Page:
Samsung Electronics Co. Ltd. (LON:BC94) (KRX:0059935) has recently released its latest phablet in the shape of the Galaxy Note 4, and it goes without saying that it wants as many people as possible to purchase this device, and ideally upgrade from the existing Galaxy Note 3. Many Samsung fans will of course take this option, but it doesn’t always make sense to opt for the latest mobile release. The Galaxy Note 3 is still a pretty nifty phablet, and it’s well worth considering how it matches up to the Galaxy Note 4 before jumping into purchasing the newer model of the series.
Galaxy Note 4 Versus Galaxy Note 3
Samsung has had to ride out a fair bit of criticism with regard to the design quality of its devices. Many critics and consumers alike have asserted that products produced by Samsung do not feel premium in terms of their design parameters. Certainly there is a plasticky feel to the Galaxy Note series that Samsung attempted to address with the Galaxy Note 4.
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So this is one of the primary arguments for upgrading to the newer model. Samsung has utilized a much more metal-centric design for the Galaxy Note 4, and almost everyone that has experienced it comes to the conclusion that it is a significant improvement over its predecessor. Samsung has also reduced bezel size in the Galaxy Note 4, and there is no doubt it’s a better looking phablet than its earlier iteration.
Technology moves on pretty quickly, and some of the functionality included in the Galaxy Note 3 is now looking a little dated. It also lacks some of the recent innovations included in the Galaxy Note 4, most notably the heart rate sensor and fingerprint scanner. Whether you really deem this to be sufficient for an upgrade is based on personal preference, but what can be said with certainty is that the Galaxy Note 4 is a more secure device than the previous model in the series.
The Galaxy Note 4 has always been noted for its S Pen stylus, which is pretty much unique in the mobile marketplace. This was a prominent feature of the Galaxy Note 3, but the new model of the Note series purports to significantly improve functionality related to it. For example, sensitivity has been significantly increased in the S Pen included with the Galaxy Note 4, with the Note 4 able to sense 2,048 levels of pressure as opposed to 1,024 in the Note 3. This does make a significant difference to the effectiveness of the S Pen, and provide users with further food for thought regarding an upgrade.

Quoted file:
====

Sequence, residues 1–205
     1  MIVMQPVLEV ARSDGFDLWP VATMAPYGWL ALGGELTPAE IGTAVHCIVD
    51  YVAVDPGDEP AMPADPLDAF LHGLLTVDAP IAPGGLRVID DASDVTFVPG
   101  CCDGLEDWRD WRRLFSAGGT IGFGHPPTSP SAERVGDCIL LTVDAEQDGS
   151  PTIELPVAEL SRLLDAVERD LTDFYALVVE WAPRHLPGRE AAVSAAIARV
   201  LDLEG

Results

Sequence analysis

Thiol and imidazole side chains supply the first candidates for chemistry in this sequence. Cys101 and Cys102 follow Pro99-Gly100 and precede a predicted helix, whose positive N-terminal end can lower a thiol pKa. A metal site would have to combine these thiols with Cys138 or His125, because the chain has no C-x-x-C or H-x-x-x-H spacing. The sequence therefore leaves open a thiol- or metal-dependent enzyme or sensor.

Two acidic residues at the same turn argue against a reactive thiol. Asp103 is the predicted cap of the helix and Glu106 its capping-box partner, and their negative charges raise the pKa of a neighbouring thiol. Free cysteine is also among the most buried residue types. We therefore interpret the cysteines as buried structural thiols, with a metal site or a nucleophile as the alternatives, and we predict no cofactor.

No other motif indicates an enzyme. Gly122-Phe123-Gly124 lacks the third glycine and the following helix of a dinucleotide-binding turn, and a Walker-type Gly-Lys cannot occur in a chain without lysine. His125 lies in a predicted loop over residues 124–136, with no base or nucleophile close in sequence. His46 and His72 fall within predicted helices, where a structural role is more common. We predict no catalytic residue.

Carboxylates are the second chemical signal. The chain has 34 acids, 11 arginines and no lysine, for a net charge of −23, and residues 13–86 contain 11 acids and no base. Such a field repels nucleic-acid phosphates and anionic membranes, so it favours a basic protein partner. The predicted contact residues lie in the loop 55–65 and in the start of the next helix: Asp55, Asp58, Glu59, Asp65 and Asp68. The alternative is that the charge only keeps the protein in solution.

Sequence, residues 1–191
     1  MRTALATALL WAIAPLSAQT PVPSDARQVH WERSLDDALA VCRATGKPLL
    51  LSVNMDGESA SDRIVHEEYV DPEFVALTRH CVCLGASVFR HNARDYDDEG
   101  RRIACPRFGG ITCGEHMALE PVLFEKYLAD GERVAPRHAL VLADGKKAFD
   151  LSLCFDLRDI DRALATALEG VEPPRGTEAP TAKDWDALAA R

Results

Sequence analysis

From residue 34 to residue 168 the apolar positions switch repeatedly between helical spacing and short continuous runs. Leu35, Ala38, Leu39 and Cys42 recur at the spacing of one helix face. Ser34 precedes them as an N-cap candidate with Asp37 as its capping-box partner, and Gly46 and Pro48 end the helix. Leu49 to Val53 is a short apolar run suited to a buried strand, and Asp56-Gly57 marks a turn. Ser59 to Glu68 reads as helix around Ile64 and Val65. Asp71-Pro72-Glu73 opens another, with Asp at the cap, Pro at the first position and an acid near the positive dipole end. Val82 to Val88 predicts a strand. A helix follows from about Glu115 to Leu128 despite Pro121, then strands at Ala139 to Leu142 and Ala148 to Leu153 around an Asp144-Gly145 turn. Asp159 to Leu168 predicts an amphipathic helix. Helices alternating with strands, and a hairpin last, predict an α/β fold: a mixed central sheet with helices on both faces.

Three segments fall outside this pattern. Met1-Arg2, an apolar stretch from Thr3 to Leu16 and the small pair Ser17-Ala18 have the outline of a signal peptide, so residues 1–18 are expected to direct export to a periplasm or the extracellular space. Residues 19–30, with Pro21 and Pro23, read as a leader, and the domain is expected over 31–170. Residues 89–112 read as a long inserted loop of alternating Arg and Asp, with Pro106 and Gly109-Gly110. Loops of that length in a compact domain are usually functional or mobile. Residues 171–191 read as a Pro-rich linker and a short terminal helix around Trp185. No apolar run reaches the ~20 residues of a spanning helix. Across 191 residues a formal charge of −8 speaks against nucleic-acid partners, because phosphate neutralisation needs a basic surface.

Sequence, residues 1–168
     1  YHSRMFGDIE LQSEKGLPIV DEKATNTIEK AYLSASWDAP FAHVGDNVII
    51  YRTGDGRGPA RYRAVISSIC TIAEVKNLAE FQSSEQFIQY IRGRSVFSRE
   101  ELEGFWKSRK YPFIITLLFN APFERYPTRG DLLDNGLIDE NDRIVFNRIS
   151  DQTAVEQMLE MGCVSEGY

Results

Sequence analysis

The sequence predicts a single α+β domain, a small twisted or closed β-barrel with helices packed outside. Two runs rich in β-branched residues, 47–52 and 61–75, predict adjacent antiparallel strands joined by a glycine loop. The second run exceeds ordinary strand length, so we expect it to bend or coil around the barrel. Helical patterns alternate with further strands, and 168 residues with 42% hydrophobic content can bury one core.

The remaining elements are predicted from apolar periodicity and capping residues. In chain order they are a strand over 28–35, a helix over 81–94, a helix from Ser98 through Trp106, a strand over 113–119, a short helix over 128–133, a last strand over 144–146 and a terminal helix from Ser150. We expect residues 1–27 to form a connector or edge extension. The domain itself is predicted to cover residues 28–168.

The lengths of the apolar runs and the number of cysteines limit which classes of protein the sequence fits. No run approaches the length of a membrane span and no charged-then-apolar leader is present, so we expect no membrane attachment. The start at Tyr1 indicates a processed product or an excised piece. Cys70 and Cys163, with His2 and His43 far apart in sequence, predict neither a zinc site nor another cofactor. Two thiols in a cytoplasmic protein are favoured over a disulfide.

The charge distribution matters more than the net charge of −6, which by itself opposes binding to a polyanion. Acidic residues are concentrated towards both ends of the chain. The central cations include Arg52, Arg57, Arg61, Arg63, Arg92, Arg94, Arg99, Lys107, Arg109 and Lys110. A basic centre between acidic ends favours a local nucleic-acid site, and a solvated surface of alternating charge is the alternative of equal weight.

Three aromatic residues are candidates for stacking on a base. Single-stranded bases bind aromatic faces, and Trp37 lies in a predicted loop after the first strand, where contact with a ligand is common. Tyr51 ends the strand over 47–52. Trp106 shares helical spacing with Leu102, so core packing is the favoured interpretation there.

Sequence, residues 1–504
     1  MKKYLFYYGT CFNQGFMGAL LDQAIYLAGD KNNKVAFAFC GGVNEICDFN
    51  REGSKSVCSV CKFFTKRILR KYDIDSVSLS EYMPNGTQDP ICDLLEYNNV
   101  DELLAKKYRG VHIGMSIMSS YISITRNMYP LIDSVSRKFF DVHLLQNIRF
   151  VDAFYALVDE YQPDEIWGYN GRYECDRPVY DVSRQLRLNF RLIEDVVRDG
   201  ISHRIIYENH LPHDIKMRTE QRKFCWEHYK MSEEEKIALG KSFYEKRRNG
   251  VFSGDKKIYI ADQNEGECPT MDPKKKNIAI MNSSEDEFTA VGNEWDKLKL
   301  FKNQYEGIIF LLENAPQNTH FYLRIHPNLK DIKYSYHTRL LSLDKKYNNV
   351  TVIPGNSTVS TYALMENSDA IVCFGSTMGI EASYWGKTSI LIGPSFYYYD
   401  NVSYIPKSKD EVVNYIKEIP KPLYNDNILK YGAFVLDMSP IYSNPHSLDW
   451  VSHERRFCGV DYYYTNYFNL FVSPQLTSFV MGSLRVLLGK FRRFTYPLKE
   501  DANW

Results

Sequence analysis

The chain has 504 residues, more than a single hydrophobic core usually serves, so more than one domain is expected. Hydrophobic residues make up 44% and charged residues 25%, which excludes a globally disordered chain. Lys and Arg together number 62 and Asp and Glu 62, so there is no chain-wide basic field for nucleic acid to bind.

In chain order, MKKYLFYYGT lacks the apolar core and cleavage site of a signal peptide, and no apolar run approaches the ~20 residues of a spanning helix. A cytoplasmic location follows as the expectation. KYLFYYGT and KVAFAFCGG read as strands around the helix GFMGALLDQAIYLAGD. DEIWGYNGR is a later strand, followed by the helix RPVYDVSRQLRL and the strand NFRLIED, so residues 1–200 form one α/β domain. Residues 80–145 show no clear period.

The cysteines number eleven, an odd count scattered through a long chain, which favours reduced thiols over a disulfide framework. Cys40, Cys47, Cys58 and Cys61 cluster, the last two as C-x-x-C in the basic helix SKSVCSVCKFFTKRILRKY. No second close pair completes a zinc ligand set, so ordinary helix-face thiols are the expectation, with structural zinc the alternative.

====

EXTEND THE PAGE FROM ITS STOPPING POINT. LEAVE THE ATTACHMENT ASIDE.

Samsung is renowned for the quality of its displays, and this is typically a primary motivation to purchase any Samsung mobile device in the first place. The Galaxy Note 3 screen was well received when the device was released, but the Galaxy Note 4 significantly improves on even this lauded quality. While the Galaxy Note 4 featured a 5.7-inch 1,920 x ,1080 pixel Super AMOLED screen, the Galaxy Note 4 ups the ante even further.
Although the Galaxy Note 4 does not have a larger display, its resolution is significantly increased over its predecessor, with the phablet featuring a 2,560 x 1,600 pixel Super AMOLED display. Most people believe that this is the best mass-market screen in any mobile device, and this is arguably the most compelling reason for upgrading to the Galaxy Note 4.
The Galaxy Note 3 comes with an Exynos Octa 5420 or Snapdragon 800 processor depending on which part of the world it is purchased. Unsurprisingly, the Galaxy Note 4 makes a significant improvement on this device, with its Exynos 5433 or Snapdragon 805 processor.
The one thing that can be said to be a bit of a disappointment with the Galaxy Note 4 is that it doesn’t embrace 64-bit processing, at least in the Snapdragon version that is largely available in Western markets. This is very surprising given the fact that Android Lollipop will support 64-bit devices, so perhaps the additional power of the Galaxy Note 4 cannot really be said to be a huge selling point here. Certainly the Galaxy Note 3 still performs capably, and unless you are absolutely desperate for a bit more processing power there is no particular reason to upgrade here.
Samsung has recently placed a significant amount of stock in the cameras it places in its mobile devices, and the Galaxy Note 4 is no exception to that rule. Given that the Galaxy Note series is not particularly associated with photography, the quality of the lens in the Galaxy Note 4 is certainly impressive.
While the Galaxy Note 3 comprised a 13-megapixel sensor with LED flash, its successor comes armed with a 16-megapixel Sony sensor with optical image stabilization and LED flash. Many people have asserted that the camera in the Galaxy Note 4 actually outperforms its cousin the Galaxy S5, which is certainly a ringing endorsement of the phablet given that such functionality is more typically associated with smartphones.
The question of whether you upgrade on this basis will depend on the amount of photo taking that you do, but the camera in the Galaxy Note 4 certainly stands up strongly against any phablet in the world.
The new version of Android makes significant improvements to power saving functionality, and is also a little lighter on bloatware than previous iterations of the operating system. It also provides new notification features and generally is an improvement over the Android user interface included in the Galaxy Note 3.
The Galaxy Note 4 is a significant improvement over the Galaxy Note 3. This will be immediately apparent as soon as one picks up the device, as its appearance is far superior to its average looking predecessor. While it doesn’t exactly blow the Galaxy Note 3 away in terms of performance, there are plenty of improvements and enough extra functionality to make upgrading extremely worthwhile for the majority of users.